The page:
“Operation Warp Speed” continues, as administration is considering fast tracking an experimental vaccine developed in the U.K.
The Food and Drug Administration has just issued an emergency use authorization for convalescent plasma to treat coronavirus.
Convalescent plasma treatment utilizes the antibody-reach blood plasma of those who recovered from a infection with the Wuhan Coronavirus, as those antibodies are still capable of destroying more virus. Doctor harvest the plasma and purify it to isolate those antibodies, which are then injected into another patient sick with Covid-19.
Shortly the FDA authorization was issued, President Donald Trump announced the developments and the bacground associated with this move during a Sunday afternoon news conference.
The authorization allows convalescent plasma, which is used in an experimental treatment involving blood plasma transfusions from people who have developed antibodies to the new coronavirus, to be distributed by healthcare providers to treat people with COVID-19. Blood plasma has been used to treat other infectious diseases.
“This is a powerful therapy that transfuses very, very strong antibodies form the blood of recovered patients to help treat patients battling a current infection,” Trump said.
Trump cited a $48 million Mayo Clinic study that demonstrated the case fatality rate dropped by 35% for patients, and was more effective for those under 80 years old who were not on a ventilator.
The patients were treated in different ways in hospitals around the country as part of an FDA program designed to speed access to the experimental therapy. That so-called “expanded access” program tracks what happens to the recipients, but it cannot prove the plasma — and not other care they received — was the real reason for improvement.
Administration officials, in a call with reporters Sunday, discussed a benefit for patients who were within three days of admission to a hospital and were not on a respirator, and were given ‘high-titer’ convalescent plasma containing higher concentrations of antibodies. They were then compared to similar patients who were given lower-titer plasma. The findings suggest deaths were 35% lower in the high-titer group.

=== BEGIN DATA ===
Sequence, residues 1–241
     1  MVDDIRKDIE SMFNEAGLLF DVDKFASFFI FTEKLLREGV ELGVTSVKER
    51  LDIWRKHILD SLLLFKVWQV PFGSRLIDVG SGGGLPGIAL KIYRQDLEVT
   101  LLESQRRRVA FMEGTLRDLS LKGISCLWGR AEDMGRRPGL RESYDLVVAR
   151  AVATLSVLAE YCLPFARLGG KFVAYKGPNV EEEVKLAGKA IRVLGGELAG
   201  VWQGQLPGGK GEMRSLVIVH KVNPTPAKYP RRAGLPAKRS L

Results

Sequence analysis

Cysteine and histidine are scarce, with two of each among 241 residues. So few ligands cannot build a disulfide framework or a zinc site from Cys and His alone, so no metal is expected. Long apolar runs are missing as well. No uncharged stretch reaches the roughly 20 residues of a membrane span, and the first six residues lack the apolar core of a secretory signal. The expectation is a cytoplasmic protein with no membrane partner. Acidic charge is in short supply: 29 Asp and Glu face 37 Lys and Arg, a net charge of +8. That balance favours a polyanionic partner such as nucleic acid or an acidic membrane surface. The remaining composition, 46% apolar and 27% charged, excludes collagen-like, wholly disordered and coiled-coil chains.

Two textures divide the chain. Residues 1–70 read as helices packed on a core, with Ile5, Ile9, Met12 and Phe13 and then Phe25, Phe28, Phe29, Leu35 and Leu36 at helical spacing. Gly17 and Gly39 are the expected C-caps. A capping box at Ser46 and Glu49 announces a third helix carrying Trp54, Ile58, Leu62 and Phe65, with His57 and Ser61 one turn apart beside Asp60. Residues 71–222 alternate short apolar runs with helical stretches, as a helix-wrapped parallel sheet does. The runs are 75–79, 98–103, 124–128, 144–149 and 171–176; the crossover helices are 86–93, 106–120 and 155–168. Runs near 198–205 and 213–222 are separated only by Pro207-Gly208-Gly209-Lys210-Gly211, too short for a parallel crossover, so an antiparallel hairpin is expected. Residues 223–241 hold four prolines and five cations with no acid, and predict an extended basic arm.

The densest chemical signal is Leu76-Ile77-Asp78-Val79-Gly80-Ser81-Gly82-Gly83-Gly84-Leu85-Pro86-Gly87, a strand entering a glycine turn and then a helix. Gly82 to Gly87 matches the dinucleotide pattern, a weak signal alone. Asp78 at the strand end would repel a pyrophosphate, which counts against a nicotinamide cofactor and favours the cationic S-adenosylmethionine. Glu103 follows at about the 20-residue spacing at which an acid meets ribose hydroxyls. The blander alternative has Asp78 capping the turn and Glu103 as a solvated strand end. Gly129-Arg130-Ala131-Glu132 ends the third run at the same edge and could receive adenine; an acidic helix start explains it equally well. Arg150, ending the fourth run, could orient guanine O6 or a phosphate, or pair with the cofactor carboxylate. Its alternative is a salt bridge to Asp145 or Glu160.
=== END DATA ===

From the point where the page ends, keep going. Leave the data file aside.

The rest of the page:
Trump was joined in the press conference by United States Secretary of Health and Human Services Alex Azar and FDA Commissioner Stephen M. Hahn, M.D.
Azar notes that 100,000 American entrolled in the expanded access program, and 70,000 participated to provide the data used in the assessment. There was a request that those interested in donating go to coronavirus.gov and check the section on Plasma Donation.
During the press conference, Trump address a question as to whether he was placing pressure on the FDA to make the move for political reasons.
It appears that Trump wasn’t the only one worried about the speed of the FDA’s response, either.
According to two sources in the Monday meeting, Peter Navarro had aggressively confronted FDA officials, saying, "You are all Deep State and you need to get on Trump Time." Navarro declined to comment.
— Jonathan Swan (@jonathanvswan) August 23, 2020
In response the the reporter’s query, Trump noted that a “log jam broke last week”. He inidacted that it was his opinion the authorization was being held-up for political reasons, highlighting “Every day is lives”.
Additionally, Trump hinted at his low opinion of most media.
.@realDonaldTrump to the media:
"It's good to see you all. I hope you had a great weekend at your convention."
— The First (@TheFirstonTV) August 23, 2020
That assessment was shown to be warranted, given that the last question from one of the “reporters” was a nit-picking question as to whether over the difference between “siginificant development” and “promising effectiveness”.
Trump clearly intends to continue “Operation Warp Speed” at its current pace, as the administration is considering fast tracking an experimental vaccine developed in the U.K. for use in this country.
One option being explored to speed up the availability of a vaccine would involve the US Food and Drug Administration awarding “emergency use authorisation” (EUA) in October to a vaccine being developed in a partnership between AstraZeneca and Oxford university, based on the results from a relatively small UK study if it is successful, the people said.
The AstraZeneca study has enrolled 10,000 volunteers, whereas the US government’s scientific agencies have said that a vaccine would need to be studied in 30,000 people to pass the threshold for authorisation. AstraZeneca is also conducting a larger study with 30,000 volunteers, although the results from that will come after the smaller trial.
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